[cryptography] airgaps in CAs

Adam Back adam at cypherspace.org
Tue Dec 13 06:45:25 EST 2011


Presumably these sub-CA certs have pathLenConstraint = 0?  (Meaning they are
only authorized to issue site certificates, not further sub-CA
certificates). 

Otherwise it could run away from them... one compromise and the attacker
gets a sub-sub-CA, rather than a site certificate.


For these sub-CA certs with no name constraints, is there a some other form
of operationally imposed name constraint - ie does the issuing software
impose a choice of owned domains, so that the day to day cert issuer role is
not able to issue certs for non-owned domains?

(With an admin role required to add further valid domains)?


I have to say it doesnt seem that much of an operational headache (for the
justification of removing name constraints).  The only operational task is
to pay an admin fee to the CA and click on a few links in emails to acquired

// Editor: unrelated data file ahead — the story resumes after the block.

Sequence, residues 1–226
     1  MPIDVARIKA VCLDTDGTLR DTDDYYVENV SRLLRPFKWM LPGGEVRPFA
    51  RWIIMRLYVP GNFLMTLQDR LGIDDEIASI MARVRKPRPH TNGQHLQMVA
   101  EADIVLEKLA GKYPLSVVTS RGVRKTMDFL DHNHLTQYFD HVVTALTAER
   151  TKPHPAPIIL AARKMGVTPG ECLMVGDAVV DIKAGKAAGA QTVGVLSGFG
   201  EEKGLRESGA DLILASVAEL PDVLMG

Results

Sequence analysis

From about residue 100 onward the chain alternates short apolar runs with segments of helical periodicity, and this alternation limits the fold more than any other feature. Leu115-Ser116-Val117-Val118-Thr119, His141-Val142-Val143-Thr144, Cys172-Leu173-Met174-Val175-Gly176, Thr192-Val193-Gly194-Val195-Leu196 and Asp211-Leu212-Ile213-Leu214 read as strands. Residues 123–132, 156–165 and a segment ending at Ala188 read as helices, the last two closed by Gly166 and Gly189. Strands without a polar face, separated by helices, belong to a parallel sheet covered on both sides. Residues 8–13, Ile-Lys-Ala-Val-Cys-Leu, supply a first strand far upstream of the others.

company domain registration addresses and import the new cert?

Adam

On Mon, Dec 12, 2011 at 06:21:41PM -0800, Arshad Noor wrote:
>On 12/9/2011 12:27 AM, Adam Back wrote:
>
>>Do the air gapped private PKI root certs (and if applicable their
>>non-airgapped sub-CA certs they authorize) have the critical name
>>constraint
>>extension eg ".foocorp.com" meaning it is only valid for creating certs for
>>*.foocorp.com?
>>
>
>The early ones did.  However, we stopped putting in the constraint as
>we became aware that it created some operational headaches when
>companies merged or acquired other companies, and needed certificates
>under the domain-name of the merged/acquired company (to preserve
>legacy applications and customers) which were different from the
>domain names in the constraint.
>
>Secondly, the constraint is perceived as protecting the TTP CA's more
>than the Subject; and since the TTP did not mandate it in their CP,
>there was no reason to include it.  (I have already heard that one TTP
>CA is rethinking this and is considering mandating it on all new and
>renewed certs).
>
>>(I am presuming these private PKI certs are sub-CA certs certified by a CA
>>listed in browsers.)
>
>In some cases, that is correct.  Others are "closed" PKIs - self-signed
>and only for internal use (example: as in multiple components of
>bio-technology products that strongly authenticate to each other before
>enabling the product's use).
>
>Arshad Noor
>StrongAuth, Inc.



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